Don’t expect a seamless hybrid of styles – the tracks fall roughly into either Latin or reggae – it’s not quite the collection of melded styles that the title may suggest.
That being the case, it’s still an accomplished album, showing Savona at the top of his production game. Kicking things off, ‘Chan Chan’ deploys plucked Latin guitar, percussion, trumpet and vocals. The reggae bass anchors the tune on a solid “Buena Vista”-style tip.
Lead single, ‘Carnival’, has a strong upbeat Jamaican vibe, with offbeat rhythm guitar and vocal duties shared by Solis and Randy Valentine.
Moving through the collection, ‘El Cuarto De Tula’ is a straight-up Latino song given a modern twist, with some heavyweight dancehall vocals injecting raw energy into the track, before iconic Jamaican guitarist Ernest Ranglin steals the show on the instrumental ‘410 San Miguel’, as his beautiful guitar playing glides along atop the more downbeat rhythms.
Recorded at the Egrem Studios in Cuba, it’s hard to believe that this is hailed as the first collaboration between Cuban and Jamaican musician. Two islands rich in musical heritage and culture – although geographically small, their musical output has had a profound and far-reaching impact on popular music.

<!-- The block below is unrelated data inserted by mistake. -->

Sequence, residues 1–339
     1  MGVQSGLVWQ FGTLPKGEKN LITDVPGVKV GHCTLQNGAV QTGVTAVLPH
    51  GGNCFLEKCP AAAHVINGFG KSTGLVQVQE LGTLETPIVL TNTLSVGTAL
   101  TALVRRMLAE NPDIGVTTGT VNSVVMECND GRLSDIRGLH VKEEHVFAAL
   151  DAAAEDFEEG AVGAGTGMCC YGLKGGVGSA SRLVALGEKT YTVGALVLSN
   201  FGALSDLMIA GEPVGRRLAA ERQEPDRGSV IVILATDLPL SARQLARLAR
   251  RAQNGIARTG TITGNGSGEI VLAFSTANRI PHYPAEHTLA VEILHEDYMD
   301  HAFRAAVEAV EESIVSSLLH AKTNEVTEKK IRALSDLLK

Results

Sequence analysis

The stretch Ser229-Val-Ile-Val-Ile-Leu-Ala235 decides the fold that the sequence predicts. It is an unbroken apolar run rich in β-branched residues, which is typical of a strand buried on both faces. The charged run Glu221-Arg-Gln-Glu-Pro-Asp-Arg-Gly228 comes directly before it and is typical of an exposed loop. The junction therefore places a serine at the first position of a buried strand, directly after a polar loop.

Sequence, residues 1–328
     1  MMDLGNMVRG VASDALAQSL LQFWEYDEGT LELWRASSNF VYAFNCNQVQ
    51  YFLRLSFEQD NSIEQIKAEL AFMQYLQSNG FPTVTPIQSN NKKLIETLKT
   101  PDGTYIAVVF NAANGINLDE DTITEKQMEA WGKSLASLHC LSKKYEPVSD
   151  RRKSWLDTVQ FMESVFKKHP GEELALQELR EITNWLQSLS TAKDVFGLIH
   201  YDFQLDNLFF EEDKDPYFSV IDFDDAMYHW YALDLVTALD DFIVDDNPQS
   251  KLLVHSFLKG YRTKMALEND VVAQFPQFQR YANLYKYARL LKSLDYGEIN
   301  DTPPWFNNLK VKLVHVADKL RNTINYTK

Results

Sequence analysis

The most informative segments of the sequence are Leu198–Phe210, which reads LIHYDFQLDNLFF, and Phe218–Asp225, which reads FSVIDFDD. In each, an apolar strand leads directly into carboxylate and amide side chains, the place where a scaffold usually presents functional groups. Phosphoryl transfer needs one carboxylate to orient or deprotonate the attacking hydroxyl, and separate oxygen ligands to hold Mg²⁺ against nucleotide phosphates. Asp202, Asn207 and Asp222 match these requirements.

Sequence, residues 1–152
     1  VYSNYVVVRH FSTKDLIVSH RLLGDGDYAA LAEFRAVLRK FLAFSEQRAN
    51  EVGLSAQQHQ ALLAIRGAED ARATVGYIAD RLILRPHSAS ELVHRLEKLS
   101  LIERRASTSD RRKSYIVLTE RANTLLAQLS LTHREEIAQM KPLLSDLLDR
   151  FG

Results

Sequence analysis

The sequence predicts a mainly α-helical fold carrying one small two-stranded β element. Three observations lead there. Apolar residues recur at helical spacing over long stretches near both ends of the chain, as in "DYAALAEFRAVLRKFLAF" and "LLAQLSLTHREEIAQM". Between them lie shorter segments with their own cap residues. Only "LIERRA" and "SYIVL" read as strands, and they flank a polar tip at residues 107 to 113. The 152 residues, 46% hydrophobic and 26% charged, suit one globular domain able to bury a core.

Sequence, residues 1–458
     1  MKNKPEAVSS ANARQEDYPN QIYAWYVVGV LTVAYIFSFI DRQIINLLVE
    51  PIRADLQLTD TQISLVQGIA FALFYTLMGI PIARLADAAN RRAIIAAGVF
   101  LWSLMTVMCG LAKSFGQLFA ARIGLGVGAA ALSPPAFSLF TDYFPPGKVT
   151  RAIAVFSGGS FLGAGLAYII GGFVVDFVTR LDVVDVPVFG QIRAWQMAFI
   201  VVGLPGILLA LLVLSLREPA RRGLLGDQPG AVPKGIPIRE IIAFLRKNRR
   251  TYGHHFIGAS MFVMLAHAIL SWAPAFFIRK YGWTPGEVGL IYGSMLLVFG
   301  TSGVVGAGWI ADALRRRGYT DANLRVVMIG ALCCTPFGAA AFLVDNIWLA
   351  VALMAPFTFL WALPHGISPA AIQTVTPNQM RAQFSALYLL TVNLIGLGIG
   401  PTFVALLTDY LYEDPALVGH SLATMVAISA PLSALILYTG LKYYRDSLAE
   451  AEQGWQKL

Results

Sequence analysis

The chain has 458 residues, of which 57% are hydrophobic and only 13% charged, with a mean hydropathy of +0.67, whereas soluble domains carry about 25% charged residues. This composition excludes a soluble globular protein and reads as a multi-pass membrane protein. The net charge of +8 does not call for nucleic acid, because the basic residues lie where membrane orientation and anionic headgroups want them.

The final third of the album deploys more of a reggae vibe. The vibrant ‘In the Ghetto (Where We’re From)’ featuring Aza Lineage and Birdz-I is an album highlight, detailing the struggles of the poor and powerless – but also speaks of the pride and resilience found in adversity.
‘Vibracion Positive’ comes with a roots reggae flavour and ushers in a trio of tracks with an overtly more Jamaican sound. ‘Heart of a Lion’ exudes a strident, militant feel with stony, rough-hewn vocals, while album closer ‘Row Fisherman Row’ shows a deep, spiritual, and rootsy vibe.
Setting aside any expectations for a fully-fledged Latin-reggae hybrid, it’s an accomplished collection displaying a deep understanding of both islands’ musical heritage.